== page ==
Fraud is a general criminal charge that applies to a variety of offenses. Simply stated, fraud is a false statement, or an intent to deceive, that is meant to harm someone for financial or other personal gain. The act of deceit must also deprive someone of their money or other property.
Some common examples of fraud are:
- Bank fraud
- Insurance fraud
- Tax fraud
- Money laundering
- Mail fraud
- Credit card fraud
- Bankruptcy fraud
Fraud is considered a “white-collar” crime, as it usually does not involve physical violence or the threat of bodily harm. None the less, it is a serious crime and is often charged as a crime and the consequences of a conviction can range from probation to many years in prison. If charged with fraud of any kind it is imperative to seek the services of a criminal defense attorney. Only an experienced attorney fully understands the complex legal issues, possible defenses and trial procedures involved with fraud cases.
Fraud is a very broad charge that covers numerous offenses.
Embezzlement is the taking or converting of a company’s or organization’s legally obtained funds for your own purpose or benefit. A cashier who pockets money paid by a customer, or a banker who funnels an investor's money into their own account serves as examples of embezzlement. To consider an act of embezzlement, the following must be true:
- A fiduciary relationship existed between the victim and offender, and;
- The defendant took possession of the property, and;
- The property was taken illegally, and;
- The misappropriation of funds or assets was intentional.
Embezzlement can be charged in New Jersey as either a second, third or fourth degree crime depending on the amount stolen. If a defendant embezzled more than $75,000, they may face up to 10 years in prison. If the defendant embezzled between $500.00 and $75,000.00, he may face 3 to 5 years in prison. If the defendant embezzled $200.00 to $500.00, he may face up to 18 months in prison. Taking less than $200 is a disorderly persons offense with a possible sentence up to 6 months in jail.
In New Jersey, insurance fraud cases are handled by the Office of the Insurance Fraud Prosecutor. Some examples of insurance fraud include:
- Fake auto accidents and injuries.
- Overcharging for Medicaid services.
- Claiming you are disabled when you have no disabling condition.
- Falsely claiming unemployment benefits while working.
- Failing to obtain workers compensation benefits for your workers.
Health care-related fraud can carry jail time of 3-5 years for patients, while a physician or other health professional faces 5-10 years. Depending on the circumstances, insurance fraud can also be charged as a federal offense, with possible imprisonment of up to 10 years, or even up to 20 years if the violation resulted in serious bodily injury to someone.
False auto insurance claims and workers compensation fraud each carry a fine up to $10,000 and up to 18 months in jail.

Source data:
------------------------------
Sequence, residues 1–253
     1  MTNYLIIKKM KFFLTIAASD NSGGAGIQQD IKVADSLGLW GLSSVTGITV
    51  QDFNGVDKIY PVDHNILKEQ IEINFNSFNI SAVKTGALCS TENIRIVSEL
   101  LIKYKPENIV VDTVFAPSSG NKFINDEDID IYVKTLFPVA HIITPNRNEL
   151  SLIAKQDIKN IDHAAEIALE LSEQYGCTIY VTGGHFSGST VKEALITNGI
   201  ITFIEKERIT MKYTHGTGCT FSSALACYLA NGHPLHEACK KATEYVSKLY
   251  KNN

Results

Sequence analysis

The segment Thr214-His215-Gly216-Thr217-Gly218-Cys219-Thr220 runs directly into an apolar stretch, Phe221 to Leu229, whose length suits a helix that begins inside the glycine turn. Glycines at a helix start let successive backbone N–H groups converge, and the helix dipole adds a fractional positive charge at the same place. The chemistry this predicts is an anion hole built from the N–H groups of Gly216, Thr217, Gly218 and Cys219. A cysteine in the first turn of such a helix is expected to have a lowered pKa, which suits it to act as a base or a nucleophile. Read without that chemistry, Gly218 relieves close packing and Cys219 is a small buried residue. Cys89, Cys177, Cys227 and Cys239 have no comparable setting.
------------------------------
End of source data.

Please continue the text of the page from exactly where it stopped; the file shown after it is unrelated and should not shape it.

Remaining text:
Credit Card Fraud
You can be charged with fraud by committing any of these acts:
- Using someone else’s name in order to obtain a credit card.
- Making a false statement in writing about your financial condition.
- Using someone else’s credit card without their consent.
- Selling or buying a credit card from someone other than the issuer.
- Altering a credit card in any way for financial gain.
- Using a card knowing it was expired, revoked or forged.
Credit card fraud can be charged as either a fourth or third degree crime in New Jersey.
Bankruptcy fraud is a federal offense. In filing for bankruptcy protection, you must provide a true and complete schedule of your assets. You can be charged with fraud if you knowingly make a false statement in relation to a bankruptcy proceeding. Such a statement must have been intended as a material statement; however it need not be given under oath.
For instance, neglecting to include an asset, such as a million dollar vacation home, on a bankruptcy filing would constitute a material misstatement that can lead to a fraud charge.
Once arrested, you need to contact a criminal defense lawyer at once. Do not give any statements to the police or volunteer any information.
If you are detained or brought into custody, ask to speak to an attorney and volunteer no information, regardless of your actions.
An experienced criminal defense lawyer can offer any number of defenses. Some common strategies include:
- A specific intent to defraud must be proved in many fraud charges. A misunderstanding or an error in interpreting a contract, oral or otherwise, may have led to seemingly fraudulent behavior.
- In bankruptcy fraud, a material statement that was false and intentionally made must be proved. If you forgot about a piece of real property that you had a minor interest in, an attorney may be able to demonstrate your lack of intent to defraud.
- A skilled lawyer can exploit an invalid search warrant or show that the police exceeded the limits of the search.
- The value of the assets allegedly stolen or converted is far less than the charge denotes.
A seasoned criminal defense lawyer can present your best defense, offer mitigating circumstances to the court or present viable sentencing alternatives that may save you from imprisonment or from incurring a permanent felony conviction on your public record.
If you have or a loved one has been allegedly charged with fraud, we want to hear from you.